Microscopical Characteristics Stomata and hairs present on both surfaces (more on lower surface) No calcium oxalate Clothing hairs are uniseriate Glandular hairs
Active Constituents glycosides purpurea glycoside A purpurea glycoside B (2 main actives in the fresh leaf) Glucogitaloxin At C-3 of the genin:a linear chain of 3 digitoxose sugar moieties terminated by glucose
Active Constituents On drying: enzyme degradation takes place loss of the terminal glucose. Produces Digitoxin Gitoxin Gitaloxin (main actives in dried leaves) Poor storage leads to further hydrolysis and complete loss of action
Digitalis – Active Constituents also contains anthraquinone glycosides Saponins Sopogenins Flavonoids
Active Constituents Other glycosides (present in smaller quantities) include Digitalose Glucose Verdoxin (x3 more toxic than gitaloxin)
Digitalis – Active Constituents It is generally agreed that the first-year leaves collected in Jan-Feb (Southern Hemisphere) have the highest content of total glycosides. After that they decrease during the winter months. After that another peak is reached during the time of flowering, but not as high as the first one.
Digitalis – Medicinal Actions tonic effect on the diseased heart glycosides enable the heart to beat more strongly, slowly and regularly, without using or needing more O2. Stimulates urine production lessening the load on the heart.
NB! Kellar-Keliani Test for digitoxise Pg 509/Pg146
Digitalis purpurea Cautions Potential for overdose Only under professional supervision Plant is subject to legal restrictions.
Digitalis lanata – Woolly FoxgloveToday’s main source of cardiac glycosides Self-study: Pg 147-9
Convalaria majalis – (Liliaceae) Cardioactive properties Similar to Digitalis, but less cumulative Therefore sometimes preferred rather than Digitalis (tolerated better, fewer side effects) Therapeutic Action: Heart stimulant
Convallaria majalis – lily of the valley Parts used: Collected parts include aerial parts (when flowers begin to open) rhizomes & roots
Convallaria - Cautions very toxic only administered by professionals. may cause nausea, vomiting & GIT symptoms if taken in large amounts Because Convallaria cardenolides are poorly absorbed in the stomach and intestines they are rarely deadly.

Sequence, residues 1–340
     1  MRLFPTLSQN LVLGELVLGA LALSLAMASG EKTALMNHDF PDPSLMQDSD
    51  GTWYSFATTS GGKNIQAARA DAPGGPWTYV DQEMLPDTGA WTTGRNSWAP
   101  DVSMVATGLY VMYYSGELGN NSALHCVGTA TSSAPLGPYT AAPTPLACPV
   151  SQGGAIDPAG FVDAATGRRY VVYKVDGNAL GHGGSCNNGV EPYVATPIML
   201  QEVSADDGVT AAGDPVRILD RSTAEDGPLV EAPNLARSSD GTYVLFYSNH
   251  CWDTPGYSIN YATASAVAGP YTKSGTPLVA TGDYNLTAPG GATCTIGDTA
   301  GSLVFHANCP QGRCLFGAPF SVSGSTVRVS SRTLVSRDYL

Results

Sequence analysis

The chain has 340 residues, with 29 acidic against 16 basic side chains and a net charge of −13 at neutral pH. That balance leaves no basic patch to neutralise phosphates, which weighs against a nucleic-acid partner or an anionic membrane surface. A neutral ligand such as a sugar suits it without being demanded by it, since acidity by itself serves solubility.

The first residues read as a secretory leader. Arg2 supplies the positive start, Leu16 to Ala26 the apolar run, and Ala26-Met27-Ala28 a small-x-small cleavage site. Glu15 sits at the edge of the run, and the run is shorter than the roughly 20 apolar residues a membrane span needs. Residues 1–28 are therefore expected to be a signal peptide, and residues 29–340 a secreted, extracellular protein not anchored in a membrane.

Strophanthus kombe Part Used: Dried seeds (ripe) Habitat: East Africa. Greek strophos (a twisted cord or rope) anthos (a flower)
Strophanthus kombe Constituents Strophanthoside strophanthin cymarin all based on genin - strophanthidin) Alkaloid: Inoeine Fixed oil, resin mucilage Strophanthin Glycoside Molecular formula: C29H44O12
Strophanthus kombe Uses - similar to Digitalis Chronic cardiac weakness Diuretic action (thought to be more powerful than Digitalis) Can be administered IV Actions Similar to Digitalis POISONOUS
Read Oleander Glycosides – Pg 149
Bufadienolides Less commonly distributed in nature than cardenolides Occur in some Liliaceae and Ranunculaceae Species. Also occur in toad venoms. Therapeutically there is not much value as the therapeutic index is low and production of side effects high. Squill, however has a time-honoured place as an expectorant Widely used in the treatment of cough.
Urginea maritima – (Liliaceae) Definition: Consists of the dried sliced bulbs of Urginea maritime, from which the membranous outer scales have been removed. It is commercially known as white squill. Description: A perennial herb growing up to 1.5 m from a large white (or red) bulb. It has a single flowering stem, a rosette of large basal leaves, and a dense spike of white flowers.
Urginea maritima - Squill Parts used: Bulbs Collection & Preparation: The bulbs are collected when the plant is finished flowering and has no aerial leaves. The dry outer scales are removed Bulbs cut transversely into thin slices Then dried in the sun or by stove heat. When 80% of the wt is lost, they are packed into bags/barrels.
Urginea maritima - Squill History Squill appears in Egyptian Ebers papyrus (1500BC) In Greece it was used by Pythagoras & Hippocrates in the 6th & 5th centuries BC.
Urginea maritima - Squill Microscopical Characteristics mucilage calcium oxalate small starch grains stomata are absent or rare (wide guard cells) Constituents Glycosides Scillaren A (most NB) Scillaren B
Urginea maritima - Squill Actions & Uses glycosides are poorly absorbed in GIT short action duration (not cumulative) In small doses: mild gastric irritation causing a reflex secretion of bronchioles Reflex expectorant action Larger doses: emetic Diuretic Cardiotonic
Urginea maritima - Squill Cautions: Only under professional supervision. Toxic in excessive doses Unofficial varieties Red Squill – contains squilloriside – very toxic Indian Squill – Urginea indica